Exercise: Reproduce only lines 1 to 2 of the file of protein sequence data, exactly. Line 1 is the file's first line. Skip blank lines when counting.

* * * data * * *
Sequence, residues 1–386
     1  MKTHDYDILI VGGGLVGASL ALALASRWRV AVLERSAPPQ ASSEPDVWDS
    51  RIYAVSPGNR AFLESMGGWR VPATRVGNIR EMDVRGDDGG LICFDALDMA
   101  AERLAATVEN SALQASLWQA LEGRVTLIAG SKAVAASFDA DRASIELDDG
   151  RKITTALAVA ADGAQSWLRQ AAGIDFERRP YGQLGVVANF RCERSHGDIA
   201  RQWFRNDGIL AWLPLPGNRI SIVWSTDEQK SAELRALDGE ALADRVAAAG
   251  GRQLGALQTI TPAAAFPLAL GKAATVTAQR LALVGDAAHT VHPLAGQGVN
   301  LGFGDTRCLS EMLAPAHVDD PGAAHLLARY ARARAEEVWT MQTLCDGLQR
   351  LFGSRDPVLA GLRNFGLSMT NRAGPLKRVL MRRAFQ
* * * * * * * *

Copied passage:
Sequence, residues 1–386
     1  MKTHDYDILI VGGGLVGASL ALALASRWRV AVLERSAPPQ ASSEPDVWDS